NEW YORK — Arvid Soderblom is so relaxed and confident at 23 that Blackhawks goalie coach Jimmy Waite has difficulty believing it sometimes.
“It’s pretty impressive how calm he is,” Waite said. “It almost makes me nervous how calm he is. [I ask him], ‘Are you ready to go?’ And that’s how [Corey] Crawford was — so calm.”
In his nine seasons in this role, Waite has seen 18 goalies start at least one game for the Hawks, with many of them passing through in the two years since Crawford left Chicago and ultimately retired in 2021. Waite, one of a few fixtures left after recent heavy turnover in the Hawks’ coaching staff, plans to stay “as long as they want me.”
And in Soderblom, he sees a blossoming star with the potential to stabilize the Hawks’ net in Crawford-like fashion. Waite anticipates working closely with Soderblom for many years to come.
“We have a young guy that’s probably our future,” he said. “The sky is the limit for this guy. I really like him, and the organization loves him.
“We just have to make sure we’re careful. And that was the plan this year — to be careful and not bring him up too quick. We had some injuries, but still we don’t want to push him too hard. But he keeps playing well, so we keep putting him in net. He deserves it, too.”
With opening-night backup Alex Stalock still nowhere close to returning from a concussion, Soderblom has settled into a 50-50 starting rotation with veteran Petr Mrazek.
The young Swede’s numbers don’t jump off the page — he’s 2-5-2 with a .905 save percentage, 3.24 goals-against average and plus-2.1 goals saved above expected — but that mediocrity is almost entirely the fault of the porous team in front of him.
In fact, Soderblom has looked like an above-average NHL goalie, and his combination of 6-3 size, cheetah reflexes (particularly with his glove hand) and remarkable awareness and intelligence give him elite upside.
“What I’m really impressed about is [that] his save selection is really good,” Waite said. “Knowing what to do and controlling his depth, he’s really good at that. For a young goalie like that, he understands the game well, so that’s a big plus. Obviously, he’s very talented, but he reads the game really well as well.”
Soderblom has instincts for different situations and knows which goaltending position to take before facing different types of shots — what Waite means by “save selection.”
Against sharp-angle shots, he knows whether to use an overlapping position, a “reverse VH” stance or a one-knee-down position. Against more direct attacks, he knows the correct depth at which to set up in his crease, either high to challenge a shooter or low to have time to move laterally against a passer.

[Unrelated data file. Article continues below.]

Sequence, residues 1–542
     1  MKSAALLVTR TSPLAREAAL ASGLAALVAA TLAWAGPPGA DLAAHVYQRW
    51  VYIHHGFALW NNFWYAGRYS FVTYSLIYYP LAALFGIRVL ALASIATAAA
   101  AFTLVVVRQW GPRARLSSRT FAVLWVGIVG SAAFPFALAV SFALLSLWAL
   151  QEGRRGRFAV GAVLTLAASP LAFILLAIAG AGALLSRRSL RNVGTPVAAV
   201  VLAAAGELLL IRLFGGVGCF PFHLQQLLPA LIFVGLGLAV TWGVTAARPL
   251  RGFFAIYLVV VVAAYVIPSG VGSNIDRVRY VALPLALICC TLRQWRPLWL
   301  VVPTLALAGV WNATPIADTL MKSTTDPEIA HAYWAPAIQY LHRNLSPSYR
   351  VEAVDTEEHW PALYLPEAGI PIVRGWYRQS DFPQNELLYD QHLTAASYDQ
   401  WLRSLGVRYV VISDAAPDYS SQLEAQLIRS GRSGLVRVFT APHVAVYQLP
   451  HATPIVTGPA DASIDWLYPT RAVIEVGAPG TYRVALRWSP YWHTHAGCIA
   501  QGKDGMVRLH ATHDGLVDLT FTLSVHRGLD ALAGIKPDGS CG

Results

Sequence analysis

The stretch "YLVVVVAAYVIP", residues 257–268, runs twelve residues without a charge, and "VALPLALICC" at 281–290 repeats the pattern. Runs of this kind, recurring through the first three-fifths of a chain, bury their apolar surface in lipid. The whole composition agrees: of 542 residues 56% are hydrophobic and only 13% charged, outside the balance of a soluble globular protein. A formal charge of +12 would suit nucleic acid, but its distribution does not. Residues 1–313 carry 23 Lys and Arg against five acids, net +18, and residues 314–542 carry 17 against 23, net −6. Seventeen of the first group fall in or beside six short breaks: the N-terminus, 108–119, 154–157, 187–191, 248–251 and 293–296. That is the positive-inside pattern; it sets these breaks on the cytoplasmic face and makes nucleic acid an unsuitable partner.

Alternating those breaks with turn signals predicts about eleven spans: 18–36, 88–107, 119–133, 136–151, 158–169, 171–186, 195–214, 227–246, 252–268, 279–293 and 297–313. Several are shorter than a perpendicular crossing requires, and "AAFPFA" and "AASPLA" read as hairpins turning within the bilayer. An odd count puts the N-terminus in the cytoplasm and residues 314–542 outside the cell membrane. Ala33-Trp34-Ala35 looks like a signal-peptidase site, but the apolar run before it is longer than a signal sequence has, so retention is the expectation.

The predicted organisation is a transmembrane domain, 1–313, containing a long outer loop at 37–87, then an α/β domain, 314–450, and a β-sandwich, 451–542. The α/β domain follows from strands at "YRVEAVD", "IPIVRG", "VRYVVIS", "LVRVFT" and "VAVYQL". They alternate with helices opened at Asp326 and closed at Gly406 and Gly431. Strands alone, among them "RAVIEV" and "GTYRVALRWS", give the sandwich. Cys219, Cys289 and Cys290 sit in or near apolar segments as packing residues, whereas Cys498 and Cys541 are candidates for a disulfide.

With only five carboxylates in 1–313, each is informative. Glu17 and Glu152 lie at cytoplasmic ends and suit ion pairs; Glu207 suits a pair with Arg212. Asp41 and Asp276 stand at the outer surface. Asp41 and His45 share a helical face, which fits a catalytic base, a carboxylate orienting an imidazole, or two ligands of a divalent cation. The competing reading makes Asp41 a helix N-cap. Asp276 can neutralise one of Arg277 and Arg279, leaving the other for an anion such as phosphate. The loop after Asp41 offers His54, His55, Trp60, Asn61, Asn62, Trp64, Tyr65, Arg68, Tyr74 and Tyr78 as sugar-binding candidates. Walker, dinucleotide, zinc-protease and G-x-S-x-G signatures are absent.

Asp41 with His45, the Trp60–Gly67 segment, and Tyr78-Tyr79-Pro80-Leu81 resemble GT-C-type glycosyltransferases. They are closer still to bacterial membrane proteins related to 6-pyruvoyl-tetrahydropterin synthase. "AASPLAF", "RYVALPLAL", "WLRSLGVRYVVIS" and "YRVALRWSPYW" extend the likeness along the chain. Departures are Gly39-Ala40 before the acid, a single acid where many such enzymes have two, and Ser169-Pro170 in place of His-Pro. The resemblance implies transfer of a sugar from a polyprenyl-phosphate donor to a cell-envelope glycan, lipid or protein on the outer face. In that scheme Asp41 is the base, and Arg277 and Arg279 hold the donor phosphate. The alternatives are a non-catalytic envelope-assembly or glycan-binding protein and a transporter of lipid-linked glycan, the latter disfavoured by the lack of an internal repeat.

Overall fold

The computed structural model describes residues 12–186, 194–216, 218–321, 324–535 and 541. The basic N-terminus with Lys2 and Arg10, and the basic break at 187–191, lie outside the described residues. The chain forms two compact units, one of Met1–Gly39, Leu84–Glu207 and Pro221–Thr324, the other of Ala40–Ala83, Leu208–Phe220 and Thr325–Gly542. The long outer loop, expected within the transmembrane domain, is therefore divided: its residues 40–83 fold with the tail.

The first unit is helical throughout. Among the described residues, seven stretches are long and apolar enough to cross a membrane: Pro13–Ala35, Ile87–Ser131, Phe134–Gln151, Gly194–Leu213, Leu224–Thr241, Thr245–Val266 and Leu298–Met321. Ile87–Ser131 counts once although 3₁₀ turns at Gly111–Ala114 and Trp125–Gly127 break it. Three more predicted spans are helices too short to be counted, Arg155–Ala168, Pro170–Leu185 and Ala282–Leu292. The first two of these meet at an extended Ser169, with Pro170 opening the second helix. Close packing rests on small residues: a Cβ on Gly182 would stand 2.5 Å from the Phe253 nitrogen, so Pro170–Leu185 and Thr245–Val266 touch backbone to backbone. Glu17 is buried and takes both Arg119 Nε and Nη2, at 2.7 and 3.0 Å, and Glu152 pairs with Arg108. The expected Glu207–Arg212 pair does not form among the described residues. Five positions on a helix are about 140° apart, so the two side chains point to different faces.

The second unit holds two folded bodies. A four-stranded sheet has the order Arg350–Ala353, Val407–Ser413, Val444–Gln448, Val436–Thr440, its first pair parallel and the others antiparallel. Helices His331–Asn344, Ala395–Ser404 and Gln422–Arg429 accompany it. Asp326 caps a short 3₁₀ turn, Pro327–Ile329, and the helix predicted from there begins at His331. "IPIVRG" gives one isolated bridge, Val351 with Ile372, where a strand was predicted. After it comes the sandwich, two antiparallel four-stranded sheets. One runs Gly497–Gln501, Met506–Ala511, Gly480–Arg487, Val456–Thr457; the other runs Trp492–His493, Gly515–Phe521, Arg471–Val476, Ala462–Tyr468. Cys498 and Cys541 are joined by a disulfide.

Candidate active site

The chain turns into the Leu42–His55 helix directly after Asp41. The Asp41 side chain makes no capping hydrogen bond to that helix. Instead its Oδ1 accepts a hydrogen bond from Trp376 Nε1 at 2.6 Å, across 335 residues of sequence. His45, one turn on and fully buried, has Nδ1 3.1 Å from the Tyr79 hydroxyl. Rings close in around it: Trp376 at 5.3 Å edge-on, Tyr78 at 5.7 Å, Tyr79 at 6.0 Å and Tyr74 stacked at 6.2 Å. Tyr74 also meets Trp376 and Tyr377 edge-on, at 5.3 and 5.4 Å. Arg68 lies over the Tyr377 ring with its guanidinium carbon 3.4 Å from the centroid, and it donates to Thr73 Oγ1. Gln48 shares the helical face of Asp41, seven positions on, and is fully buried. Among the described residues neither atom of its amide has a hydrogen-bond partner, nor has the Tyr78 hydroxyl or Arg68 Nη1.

Because he chooses correctly so often, he makes goaltending look easy to the untrained eye.
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The overlapping approach — a technique in which his short-side pad overlaps the outside of the post instead of pushing against the inside of it — is new to him. He never overlapped when in Sweden.
But Waite is a big proponent of overlapping and has integrated it into both Soderblom’s and Mrazek’s styles. Soderblom has noticed it helping him as a “big part” of his game and cites that as evidence of his solid rapport with Waite.
“It has been great,” Soderblom said. “Even the short time I was up here last year with him felt good. And then this year, we’ve been working more consistently.
“When you work together on a daily basis, it’s easier to connect and understand how each other works. [We know] how I want the feedback and how he works with feedback. It feels like we’re connecting more and more each day.”
The first time Waite compared Soderblom to Crawford, the remark seemed to slip out almost absentmindedly. But when asked about it, Waite reflected for a moment and doubled down.
“Both guys have simple games,” he said. “Crow was always [focused on] beating passes, being set against every shot. That’s one of the basics I tell goalies to do — beat the plays and be set — so [Soderblom is] doing that well. He’s good around his posts like Crow. [They’re] two big guys. So, yeah, they look quite a bit alike.”
Crawford was still mostly playing in the AHL at 23; he didn’t break through full-time to the NHL until he was 25. Soderblom, therefore, isn’t just ahead of the Hawks’ development schedule for him but also ahead of the career trajectory of the team’s best modern-era goalie.
So is it possible that Soderblom, if all goes right in the years ahead, could have a career like Crawford’s?
“Why not?” Waite said.
That’s surely exciting for the Hawks as they search for the pillars around which to build their next contending team.
AP file photo
More from Waite
The overlapping approach, while increasingly popular and effective, shouldn’t be used universally against sharp-angle plays, Waite said. It limits and slows a goalie’s ability to move laterally because he can’t push off the post. For it to work best, the defensemen need to take away all cross-crease passing lanes.
If an opposing forward does come open on the weak side, Waite instructs his goalies to switch to the “reverse VH,” in which one pad lays flat on the ice against the post and the other stays upright or diagonal. That position allows for quicker post-to-post movement.
“It’s never black or white how to play a situation,” Waite said. “Reading the game is so important for any goalie. We’re going to practice about two or three tools to use, but you have to make the decision when to use them. And then we watch the video to see, ‘OK, what should we have done on that play?'”
It’s also sometimes worth changing positions just for the sake of changing them.
“If you become too predictable as a goalie, that’s when you start getting picked apart,” Waite said. “We study the goalies from the other teams, too. That’s part of my [opponent] pre-scout. You have to be unpredictable sometimes. . . . If you’re always down on your post, guys will know what’s open.”